• Clean hydrogen or its derivatives, like methanol or ammonia, can be used as carbon-free fuels in shipping and aviation. Hydrogen can also be used in fuel cells to power motor vehicles, though competition is fierce with battery electric technology.
Economic and regulatory forces may lead to other applications of hydrogen that experts say are less than economically ideal.
A U.S. Environmental Protection Agency proposal would require utilities to replace coal and natural gas with hydrogen in certain power plants to generate electricity after 2030. But using renewable energy to make hydrogen that will be burned to generate electricity is an “utterly absurd” use of those renewable resources because 70% of the energy is lost in the process, writes Michael Liebreich, CEO of Liebreich Associates and founder of BloombergNEF.
Using $1 billion from the 2021 infrastructure law, the Energy Department is currently reviewing proposals for an independent third-party entity with an expertise in finance and markets that could help lower risk for both producers and end users in long-term contracts by providing some sort of price support.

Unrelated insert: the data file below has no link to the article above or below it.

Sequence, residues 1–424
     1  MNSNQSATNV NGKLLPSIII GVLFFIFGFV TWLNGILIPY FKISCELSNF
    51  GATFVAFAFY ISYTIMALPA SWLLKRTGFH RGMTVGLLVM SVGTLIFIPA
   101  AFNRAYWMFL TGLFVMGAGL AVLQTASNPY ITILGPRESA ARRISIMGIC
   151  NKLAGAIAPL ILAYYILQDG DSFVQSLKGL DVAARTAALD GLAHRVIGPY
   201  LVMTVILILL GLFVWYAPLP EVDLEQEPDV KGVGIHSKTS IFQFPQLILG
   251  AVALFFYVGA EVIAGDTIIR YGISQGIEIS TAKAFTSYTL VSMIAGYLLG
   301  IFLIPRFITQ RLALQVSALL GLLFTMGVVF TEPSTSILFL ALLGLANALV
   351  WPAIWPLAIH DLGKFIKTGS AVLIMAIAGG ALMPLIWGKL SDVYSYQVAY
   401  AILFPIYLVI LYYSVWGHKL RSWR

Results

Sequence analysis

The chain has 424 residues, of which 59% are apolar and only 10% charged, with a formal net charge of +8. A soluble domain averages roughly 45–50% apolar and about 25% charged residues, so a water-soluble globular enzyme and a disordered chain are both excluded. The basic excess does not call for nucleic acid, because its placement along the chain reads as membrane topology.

This entity could be similar to the U.S. Department of Agriculture’s price-loss coverage program for farmers that guarantees profits for a range of crops and shields them against any price drops below a specified level, according to a recent Bipartisan Policy Center brief.
Or it could follow the European Union model, which already has a program like this for hydrogen called Hintco, a third-party delivery system that buys derivatives of the gas from producers through a reverse auction and then sells the product to end users through a regular auction, Mackler from the Bipartisan Policy Center said.
“We still don’t know how this would materialize,” wrote van Dorsten in an email to Cipher about the Energy Department initiative. “But that could catalyse existing hydrogen demand sectors (like refining, ammonia, methanol, etc.) to displace their carbon intensive hydrogen consumption with lower-carbon options.”